Straining your eyes when you read? Use an iPad!
Trouble reading, watching TV, or working on a computer, even while wearing glasses? An iPad, Kindle, or other backlit tablet could help end your frustrations, according to new research.health and fitness Updated: Nov 14, 2012 14:56 IST
Trouble reading, watching TV, or working on a computer, even while wearing glasses? An iPad, Kindle, or other backlit tablet could help end your frustrations, according to new research. For people suffering with what's dubbed "low vision," meaning difficulty with sight despite glasses, contact lenses, medication, or even surgery, backlit tablets have been found to aid faster, more comfortable reading.
Researchers from Robert Wood Johnson Medical School in New Jersey in the US enlisted 62 subjects with vision problems to read three articles from The New York Times -- one in the print version of the newspaper, another as computer printouts, and a third on an iPad 2. All subjects were found to read faster using the iPad 2, but particularly those with low vision in both eyes.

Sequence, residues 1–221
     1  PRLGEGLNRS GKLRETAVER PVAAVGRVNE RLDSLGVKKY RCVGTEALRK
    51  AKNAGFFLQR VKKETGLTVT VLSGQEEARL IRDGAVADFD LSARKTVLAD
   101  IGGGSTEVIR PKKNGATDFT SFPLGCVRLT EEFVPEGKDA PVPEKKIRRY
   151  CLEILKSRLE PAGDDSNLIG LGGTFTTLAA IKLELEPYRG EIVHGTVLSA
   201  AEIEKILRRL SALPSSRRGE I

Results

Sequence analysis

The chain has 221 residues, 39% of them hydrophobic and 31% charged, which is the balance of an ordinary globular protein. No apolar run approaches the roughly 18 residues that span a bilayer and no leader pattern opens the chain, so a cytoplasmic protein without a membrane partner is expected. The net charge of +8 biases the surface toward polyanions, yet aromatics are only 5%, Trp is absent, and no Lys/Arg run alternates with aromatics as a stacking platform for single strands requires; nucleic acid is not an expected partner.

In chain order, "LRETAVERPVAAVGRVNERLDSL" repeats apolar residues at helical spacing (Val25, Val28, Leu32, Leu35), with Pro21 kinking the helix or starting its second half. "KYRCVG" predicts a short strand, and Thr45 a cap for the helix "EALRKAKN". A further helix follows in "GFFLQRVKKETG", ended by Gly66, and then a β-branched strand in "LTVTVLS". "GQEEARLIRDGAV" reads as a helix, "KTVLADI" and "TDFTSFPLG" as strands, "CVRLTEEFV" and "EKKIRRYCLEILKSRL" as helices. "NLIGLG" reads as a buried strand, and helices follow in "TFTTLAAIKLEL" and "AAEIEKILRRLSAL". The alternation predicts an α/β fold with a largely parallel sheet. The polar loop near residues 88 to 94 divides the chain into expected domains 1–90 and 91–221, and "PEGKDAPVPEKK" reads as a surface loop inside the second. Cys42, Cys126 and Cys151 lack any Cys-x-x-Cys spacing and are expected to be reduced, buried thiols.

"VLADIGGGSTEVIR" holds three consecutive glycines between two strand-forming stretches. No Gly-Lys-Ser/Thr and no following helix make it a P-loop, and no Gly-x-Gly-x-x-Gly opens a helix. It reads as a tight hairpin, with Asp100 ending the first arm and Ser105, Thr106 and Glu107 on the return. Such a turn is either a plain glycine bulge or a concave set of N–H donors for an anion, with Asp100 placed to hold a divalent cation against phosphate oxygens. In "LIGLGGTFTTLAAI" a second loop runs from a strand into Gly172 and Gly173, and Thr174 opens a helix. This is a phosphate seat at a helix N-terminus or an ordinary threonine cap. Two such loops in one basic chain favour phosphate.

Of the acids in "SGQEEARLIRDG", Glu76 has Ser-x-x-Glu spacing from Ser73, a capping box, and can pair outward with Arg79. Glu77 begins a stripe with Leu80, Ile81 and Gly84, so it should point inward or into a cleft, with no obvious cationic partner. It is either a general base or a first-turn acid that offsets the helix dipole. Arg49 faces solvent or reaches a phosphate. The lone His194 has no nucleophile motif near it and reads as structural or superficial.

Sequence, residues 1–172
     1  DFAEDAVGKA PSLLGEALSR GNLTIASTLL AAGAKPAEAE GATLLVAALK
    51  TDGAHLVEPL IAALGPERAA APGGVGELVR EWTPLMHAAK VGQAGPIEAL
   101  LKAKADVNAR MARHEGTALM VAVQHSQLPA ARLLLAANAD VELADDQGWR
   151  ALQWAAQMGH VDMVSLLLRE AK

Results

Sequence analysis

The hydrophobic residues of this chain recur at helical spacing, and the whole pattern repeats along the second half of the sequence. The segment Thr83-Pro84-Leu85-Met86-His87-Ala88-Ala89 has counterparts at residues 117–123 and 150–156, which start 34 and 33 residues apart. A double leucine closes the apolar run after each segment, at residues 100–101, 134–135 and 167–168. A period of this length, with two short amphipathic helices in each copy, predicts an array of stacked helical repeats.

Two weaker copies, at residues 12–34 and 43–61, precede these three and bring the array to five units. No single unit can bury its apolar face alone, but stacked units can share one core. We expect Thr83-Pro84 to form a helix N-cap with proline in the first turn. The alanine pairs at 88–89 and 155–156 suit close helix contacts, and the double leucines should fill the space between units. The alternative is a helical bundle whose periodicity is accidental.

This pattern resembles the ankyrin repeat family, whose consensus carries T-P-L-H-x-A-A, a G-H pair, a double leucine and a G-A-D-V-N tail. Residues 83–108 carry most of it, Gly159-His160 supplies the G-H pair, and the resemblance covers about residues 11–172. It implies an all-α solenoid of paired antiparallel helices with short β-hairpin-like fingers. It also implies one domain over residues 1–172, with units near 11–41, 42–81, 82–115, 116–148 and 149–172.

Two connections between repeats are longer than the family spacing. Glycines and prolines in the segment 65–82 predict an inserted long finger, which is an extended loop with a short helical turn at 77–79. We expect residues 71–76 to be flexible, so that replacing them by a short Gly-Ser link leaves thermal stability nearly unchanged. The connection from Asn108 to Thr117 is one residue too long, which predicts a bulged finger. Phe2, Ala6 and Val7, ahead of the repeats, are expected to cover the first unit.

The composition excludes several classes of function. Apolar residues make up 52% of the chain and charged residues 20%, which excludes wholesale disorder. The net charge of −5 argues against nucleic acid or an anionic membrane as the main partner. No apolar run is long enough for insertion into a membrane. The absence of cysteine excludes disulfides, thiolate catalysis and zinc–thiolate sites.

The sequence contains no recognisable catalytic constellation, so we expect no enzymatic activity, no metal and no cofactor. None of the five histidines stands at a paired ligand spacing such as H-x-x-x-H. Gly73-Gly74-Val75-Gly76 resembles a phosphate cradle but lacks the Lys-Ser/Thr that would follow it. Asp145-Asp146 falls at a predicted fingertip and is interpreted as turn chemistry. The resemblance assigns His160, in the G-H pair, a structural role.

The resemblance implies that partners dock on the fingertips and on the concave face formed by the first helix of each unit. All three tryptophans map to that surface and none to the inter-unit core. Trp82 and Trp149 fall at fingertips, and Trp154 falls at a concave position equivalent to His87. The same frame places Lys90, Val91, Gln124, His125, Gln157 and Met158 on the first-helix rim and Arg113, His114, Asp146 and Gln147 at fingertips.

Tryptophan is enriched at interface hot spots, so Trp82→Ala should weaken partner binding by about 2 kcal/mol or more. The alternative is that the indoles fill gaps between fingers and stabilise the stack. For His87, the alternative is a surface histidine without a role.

In a second experiment, 100 subjects read a book chapter in original book form, on an iPad 2, and on an Amazon Kindle (although note, it was a Kindle that didn't have a backlighting feature -- the new Kindle Fire does). Again, the iPad 2 was the frontrunner, with people reading an average of 42 more words per minute than when reading the book. Compared to the Kindle, subjects read 12 words per minute faster on the iPad.
Researchers say the new study can offer some hope for tech-savvy baby boomers who worry they may have to give up reading, or have to rely on magnifying glasses.
"Reading is a simple pleasure that we often take for granted until vision loss makes it difficult," says Dr. Daniel Roth, an associate clinical professor at Robert Wood Johnson School of Medicine and study author. "Our findings show that at a relatively low cost, digital tablets can improve the lives of people with vision loss and help them reconnect with the larger world."
Roth presented his team's findings at the Annual Meeting of the American Academy of Ophthalmology, November 10-13, in Chicago.